So, yes, I think this book is very good, but if you want to know why I think that, you’ll have to read it. Even then, you might not discover, because maybe you’ll disagree with me. (At which point you too will be forbidden to explain in any detail why you didn’t like it.)
One thing I can say without any fear of giving away any plot details is that the title on the cover of this second book is a lot easier to read (light coloured lettering, mostly dark background) than the title of the first one (lightish lettering, light background) was. I thought that the first book, The Devil’s Dice, was very good, but I think this second one is a bit better, partly for the reason vaguely alluded to in the first paragraph of this, and partly because I found the politics of it (there is some politics, loosely defined (as in: not British party politics)) to be intriguing.
The Monday before last really was a very good photoing day. (I’ve been calling it Sunday but actually it was Monday, Monday January 28th. I remember at the time being confused about what day it was.)
First, seconds after I had stepped out into the sunlight, there was this:
That being me, in among the branches of the tree.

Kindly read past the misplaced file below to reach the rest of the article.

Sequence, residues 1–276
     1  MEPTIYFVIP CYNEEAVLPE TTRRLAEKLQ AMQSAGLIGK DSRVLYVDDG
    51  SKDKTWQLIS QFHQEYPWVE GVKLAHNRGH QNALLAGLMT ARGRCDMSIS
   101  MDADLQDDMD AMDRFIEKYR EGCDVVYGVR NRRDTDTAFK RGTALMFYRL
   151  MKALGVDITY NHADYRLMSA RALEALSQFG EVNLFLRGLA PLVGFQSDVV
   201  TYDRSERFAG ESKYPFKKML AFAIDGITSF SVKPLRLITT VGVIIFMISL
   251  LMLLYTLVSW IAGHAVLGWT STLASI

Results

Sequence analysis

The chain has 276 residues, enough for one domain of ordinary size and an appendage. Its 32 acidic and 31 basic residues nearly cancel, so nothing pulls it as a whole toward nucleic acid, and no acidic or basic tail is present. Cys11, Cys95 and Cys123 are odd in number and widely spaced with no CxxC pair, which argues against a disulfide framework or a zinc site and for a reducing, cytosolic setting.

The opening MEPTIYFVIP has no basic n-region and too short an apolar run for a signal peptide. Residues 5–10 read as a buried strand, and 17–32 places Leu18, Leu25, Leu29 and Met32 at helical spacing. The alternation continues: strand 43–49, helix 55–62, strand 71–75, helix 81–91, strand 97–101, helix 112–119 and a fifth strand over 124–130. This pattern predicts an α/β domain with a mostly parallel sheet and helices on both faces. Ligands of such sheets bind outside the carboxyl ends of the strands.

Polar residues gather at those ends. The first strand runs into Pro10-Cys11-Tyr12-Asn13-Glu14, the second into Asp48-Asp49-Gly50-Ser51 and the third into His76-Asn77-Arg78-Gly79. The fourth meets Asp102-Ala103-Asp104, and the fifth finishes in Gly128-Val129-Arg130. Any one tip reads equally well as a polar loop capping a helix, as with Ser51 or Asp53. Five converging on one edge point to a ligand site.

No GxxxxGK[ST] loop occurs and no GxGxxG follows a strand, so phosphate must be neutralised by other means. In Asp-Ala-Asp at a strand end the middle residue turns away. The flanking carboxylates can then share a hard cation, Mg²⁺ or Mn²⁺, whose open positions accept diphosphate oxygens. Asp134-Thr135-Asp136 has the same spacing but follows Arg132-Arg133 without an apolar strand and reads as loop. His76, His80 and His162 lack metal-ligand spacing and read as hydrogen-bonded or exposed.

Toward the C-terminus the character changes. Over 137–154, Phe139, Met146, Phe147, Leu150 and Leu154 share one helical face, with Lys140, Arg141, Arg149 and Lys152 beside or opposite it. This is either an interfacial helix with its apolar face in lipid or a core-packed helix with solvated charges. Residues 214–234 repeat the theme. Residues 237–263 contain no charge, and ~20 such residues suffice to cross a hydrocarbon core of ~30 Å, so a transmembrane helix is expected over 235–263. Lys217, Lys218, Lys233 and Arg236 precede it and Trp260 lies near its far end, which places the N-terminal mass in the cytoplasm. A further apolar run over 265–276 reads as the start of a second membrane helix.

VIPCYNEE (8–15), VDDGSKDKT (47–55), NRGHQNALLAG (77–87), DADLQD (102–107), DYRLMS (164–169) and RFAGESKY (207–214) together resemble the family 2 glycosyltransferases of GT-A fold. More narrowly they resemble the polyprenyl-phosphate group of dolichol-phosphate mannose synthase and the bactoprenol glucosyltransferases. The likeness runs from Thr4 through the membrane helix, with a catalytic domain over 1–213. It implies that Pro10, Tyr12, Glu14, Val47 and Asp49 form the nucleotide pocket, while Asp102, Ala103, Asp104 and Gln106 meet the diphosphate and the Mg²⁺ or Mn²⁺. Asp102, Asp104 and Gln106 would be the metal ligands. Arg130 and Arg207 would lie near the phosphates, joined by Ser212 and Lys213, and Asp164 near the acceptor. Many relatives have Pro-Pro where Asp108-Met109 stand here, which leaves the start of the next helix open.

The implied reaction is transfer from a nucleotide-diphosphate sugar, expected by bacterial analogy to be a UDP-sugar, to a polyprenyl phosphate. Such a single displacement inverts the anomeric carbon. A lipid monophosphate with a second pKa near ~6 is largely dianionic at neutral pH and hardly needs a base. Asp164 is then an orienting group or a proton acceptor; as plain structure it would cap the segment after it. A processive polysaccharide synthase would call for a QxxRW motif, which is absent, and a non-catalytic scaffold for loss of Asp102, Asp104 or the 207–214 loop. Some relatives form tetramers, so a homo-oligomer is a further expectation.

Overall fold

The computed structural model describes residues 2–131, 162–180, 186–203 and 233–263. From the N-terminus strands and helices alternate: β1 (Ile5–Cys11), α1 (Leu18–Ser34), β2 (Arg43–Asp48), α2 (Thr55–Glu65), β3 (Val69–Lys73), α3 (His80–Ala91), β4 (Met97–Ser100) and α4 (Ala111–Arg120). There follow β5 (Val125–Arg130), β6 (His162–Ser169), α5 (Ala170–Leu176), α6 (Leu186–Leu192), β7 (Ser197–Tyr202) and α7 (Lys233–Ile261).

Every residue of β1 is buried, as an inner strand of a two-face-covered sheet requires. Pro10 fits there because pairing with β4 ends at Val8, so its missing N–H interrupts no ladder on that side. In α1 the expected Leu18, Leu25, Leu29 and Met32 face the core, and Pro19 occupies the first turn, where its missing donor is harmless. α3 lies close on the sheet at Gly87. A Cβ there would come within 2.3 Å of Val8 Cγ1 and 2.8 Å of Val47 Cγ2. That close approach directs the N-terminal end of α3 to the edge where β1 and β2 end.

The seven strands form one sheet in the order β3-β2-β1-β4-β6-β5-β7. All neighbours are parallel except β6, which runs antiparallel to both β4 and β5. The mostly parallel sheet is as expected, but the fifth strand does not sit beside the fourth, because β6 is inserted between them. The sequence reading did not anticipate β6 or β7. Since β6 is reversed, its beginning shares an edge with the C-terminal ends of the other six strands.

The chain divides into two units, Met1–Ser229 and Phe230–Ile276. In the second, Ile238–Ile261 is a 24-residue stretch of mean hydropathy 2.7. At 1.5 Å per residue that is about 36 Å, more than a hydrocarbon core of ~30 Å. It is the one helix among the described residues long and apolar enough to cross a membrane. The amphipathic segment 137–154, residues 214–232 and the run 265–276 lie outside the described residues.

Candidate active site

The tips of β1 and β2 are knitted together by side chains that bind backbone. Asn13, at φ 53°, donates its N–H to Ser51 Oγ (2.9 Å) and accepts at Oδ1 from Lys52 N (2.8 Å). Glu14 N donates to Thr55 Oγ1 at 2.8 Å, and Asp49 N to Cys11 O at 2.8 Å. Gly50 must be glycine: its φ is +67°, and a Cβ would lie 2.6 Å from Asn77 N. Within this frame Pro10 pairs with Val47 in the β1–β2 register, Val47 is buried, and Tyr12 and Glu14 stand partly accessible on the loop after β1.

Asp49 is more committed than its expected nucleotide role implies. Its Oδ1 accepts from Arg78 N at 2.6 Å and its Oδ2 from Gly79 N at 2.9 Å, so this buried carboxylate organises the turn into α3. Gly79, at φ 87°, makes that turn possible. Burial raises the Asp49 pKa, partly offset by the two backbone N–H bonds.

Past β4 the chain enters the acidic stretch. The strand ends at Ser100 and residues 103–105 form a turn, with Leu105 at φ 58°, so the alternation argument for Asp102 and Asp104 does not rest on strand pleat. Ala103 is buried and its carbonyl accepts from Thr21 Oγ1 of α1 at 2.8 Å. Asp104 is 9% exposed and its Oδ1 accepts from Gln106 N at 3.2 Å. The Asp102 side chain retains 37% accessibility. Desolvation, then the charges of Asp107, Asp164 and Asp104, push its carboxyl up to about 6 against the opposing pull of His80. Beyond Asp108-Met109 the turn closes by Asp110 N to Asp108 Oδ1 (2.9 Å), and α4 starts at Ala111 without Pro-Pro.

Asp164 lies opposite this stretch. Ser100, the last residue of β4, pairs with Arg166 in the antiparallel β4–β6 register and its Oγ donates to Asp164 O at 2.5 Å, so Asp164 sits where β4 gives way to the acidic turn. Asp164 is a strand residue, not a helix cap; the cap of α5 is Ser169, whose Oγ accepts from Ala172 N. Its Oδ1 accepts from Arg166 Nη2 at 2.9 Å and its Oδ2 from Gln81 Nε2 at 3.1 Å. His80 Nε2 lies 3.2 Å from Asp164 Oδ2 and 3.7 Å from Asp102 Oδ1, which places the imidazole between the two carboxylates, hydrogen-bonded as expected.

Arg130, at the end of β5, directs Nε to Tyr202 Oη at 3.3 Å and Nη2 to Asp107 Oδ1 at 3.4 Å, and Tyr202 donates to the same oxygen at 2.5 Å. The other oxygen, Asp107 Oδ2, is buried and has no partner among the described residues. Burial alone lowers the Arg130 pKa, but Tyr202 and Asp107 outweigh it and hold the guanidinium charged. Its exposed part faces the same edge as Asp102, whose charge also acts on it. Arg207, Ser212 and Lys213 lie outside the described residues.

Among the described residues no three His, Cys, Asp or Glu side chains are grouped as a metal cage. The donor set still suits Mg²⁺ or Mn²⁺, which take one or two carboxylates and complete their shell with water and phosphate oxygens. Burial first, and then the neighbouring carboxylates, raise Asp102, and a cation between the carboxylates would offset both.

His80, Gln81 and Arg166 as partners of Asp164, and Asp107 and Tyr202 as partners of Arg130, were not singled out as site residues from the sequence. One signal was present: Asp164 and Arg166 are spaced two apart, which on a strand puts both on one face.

Then, following further excitements yet to be revealed, there was this lighting effect. And then there were these smartphone-photoing ladies. And then these guys, also photoing, with another shadow selfie added by me onto their backs.
Then I went past the Wheel, and gave that the Wheel and Tree treatment:
And just before it got dark, I ended up at the top of the Tate Modern Extension.
When it was dark, I climbed into Blackfriars Station, and walked over the river to Blackfriars Tube. And enjoyed the view, with its weird reflections of the station in the sky above the City Cluster:
I love how the black sky turns blue in that.
But before I went home, I dropped in on Waterstones, in Piccadilly, to see if the newly released paperback version of The Devil’s Dice was on show. And it was:
I am finding it exhausting just thinking about that day, and how it ended. It was very cold, and the cold takes it out of you, by which I mean me.